Representative JAMES CLYBURN (Democrat, South Carolina): Five million dollars a single, $10 million a couple is a bridge too far for me.

WELNA: As for the possibility that the Democrats' insistence on changes in agreement might jeopardize the extension of any tax cuts, New York's Charles Rangel said Democrats were well aware of that.

Representative CHARLES RANGEL (Democrat, New York): Of course we're concerned. But we're not so concerned that we have to explain to generations that follow why the House of Representatives gave up its legislative authority.

WELNA: But New Jersey's Rush Holt said he did not think Republicans would refuse to allow changes in the agreement worked out with President Obama.

Representative RUSH HOLT (Democrat, New Jersey): Ultimately, the Republicans dare not deny the middle income people their tax benefits and dare not extend the unemployment insurance.

WELNA: So you're calling their bluff?

Rep. HOLT: You might say that.

WELNA: The votes of at least 39 House Democrats would be needed to pass the tax cut package if every House Republican voted for it. Minnesota's Tim Walz says he would be one of those Democrats and he was not happy about the resolution his colleagues approved today.

Representative TIM WALZ (Democrat, Minnesota): I think that it's probably not the right way to go because I don't think there's thought out endgame on this, especially for Americans. If there's a political endgame on this, that's one thing. But a practical endgame is millions without unemployment insurance and millions of Americans at a time of a fragile economy seeing their taxes change and I don't want to be part of that.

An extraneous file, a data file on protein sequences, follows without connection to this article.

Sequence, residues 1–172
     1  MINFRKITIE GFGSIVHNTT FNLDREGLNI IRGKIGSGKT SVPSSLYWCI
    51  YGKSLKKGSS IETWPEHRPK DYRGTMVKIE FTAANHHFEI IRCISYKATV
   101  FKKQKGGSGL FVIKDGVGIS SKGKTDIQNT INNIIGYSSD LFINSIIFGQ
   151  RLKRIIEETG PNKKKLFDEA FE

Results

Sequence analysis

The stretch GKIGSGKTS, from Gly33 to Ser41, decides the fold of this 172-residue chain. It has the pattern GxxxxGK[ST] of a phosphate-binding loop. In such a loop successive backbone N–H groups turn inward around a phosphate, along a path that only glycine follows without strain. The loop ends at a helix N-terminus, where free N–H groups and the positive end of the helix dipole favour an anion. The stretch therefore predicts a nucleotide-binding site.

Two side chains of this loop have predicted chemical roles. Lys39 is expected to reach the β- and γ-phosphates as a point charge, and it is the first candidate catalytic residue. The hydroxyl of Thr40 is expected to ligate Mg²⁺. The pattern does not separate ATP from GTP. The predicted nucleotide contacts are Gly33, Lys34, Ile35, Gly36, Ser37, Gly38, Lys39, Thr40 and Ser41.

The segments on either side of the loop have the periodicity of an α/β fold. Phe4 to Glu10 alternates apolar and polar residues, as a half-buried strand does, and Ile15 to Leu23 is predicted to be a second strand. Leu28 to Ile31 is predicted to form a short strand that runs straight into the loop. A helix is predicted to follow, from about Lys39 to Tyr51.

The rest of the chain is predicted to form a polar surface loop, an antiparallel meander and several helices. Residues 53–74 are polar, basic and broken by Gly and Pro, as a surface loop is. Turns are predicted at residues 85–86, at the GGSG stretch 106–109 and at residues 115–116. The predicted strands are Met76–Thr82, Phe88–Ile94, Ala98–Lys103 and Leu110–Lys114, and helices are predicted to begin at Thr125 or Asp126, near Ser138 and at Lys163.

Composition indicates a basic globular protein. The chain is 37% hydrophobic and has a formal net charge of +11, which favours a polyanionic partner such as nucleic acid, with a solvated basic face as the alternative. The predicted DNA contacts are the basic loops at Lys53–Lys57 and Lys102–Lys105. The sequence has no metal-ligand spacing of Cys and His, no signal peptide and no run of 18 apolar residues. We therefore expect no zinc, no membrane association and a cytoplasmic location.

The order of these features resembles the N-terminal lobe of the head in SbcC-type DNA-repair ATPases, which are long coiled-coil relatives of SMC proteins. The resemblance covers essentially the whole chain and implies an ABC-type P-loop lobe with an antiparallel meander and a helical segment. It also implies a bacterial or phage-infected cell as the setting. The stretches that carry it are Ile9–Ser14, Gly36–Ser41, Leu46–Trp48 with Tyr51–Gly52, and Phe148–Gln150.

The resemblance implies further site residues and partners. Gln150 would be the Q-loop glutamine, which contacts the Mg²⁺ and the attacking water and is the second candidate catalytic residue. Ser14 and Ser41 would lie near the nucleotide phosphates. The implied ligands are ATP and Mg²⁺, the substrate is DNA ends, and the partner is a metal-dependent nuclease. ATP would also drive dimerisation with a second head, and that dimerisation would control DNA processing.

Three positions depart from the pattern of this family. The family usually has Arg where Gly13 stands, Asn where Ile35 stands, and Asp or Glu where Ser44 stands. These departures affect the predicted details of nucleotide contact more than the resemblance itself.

WELNA: Senate Republicans reacted to the House Democrats' action by insisting the Senate move ahead with plans to take up and vote on the agreement and send it over to the House. Florida's George LeMieux said it would be irresponsible for those Democrats to abide by the resolution.

Senator GEORGE LEMIEUX (Republican, Florida): And I think that's very disappointing. This is a deal that was worked out in good faith by the president of the United States. He's the leader of their party and Senate Republicans and House Republicans. No one likes all parts of the deal. That's why it's a deal. You give up some.

WELNA: Senate Democrats expressed sympathy for their House counterparts, since many of them also resent having been shut out of the negotiations that led to the tax cut agreement. But Maryland's Ben Cardin expects that agreement to keep moving forward, despite the resolution.

Senator BEN CARDIN (Democrat, Maryland): I don't think it blows it up, I think it expresses their concerns that we need to take a look at some modifications that are consistent with the agreement reached by the president and the Republicans. And my guess is that there will be certain accommodations that are going to have to be made.

WELNA: The Senate is poised to begin debate on the tax cut deal at any moment.

David Welna, NPR News, the Capitol.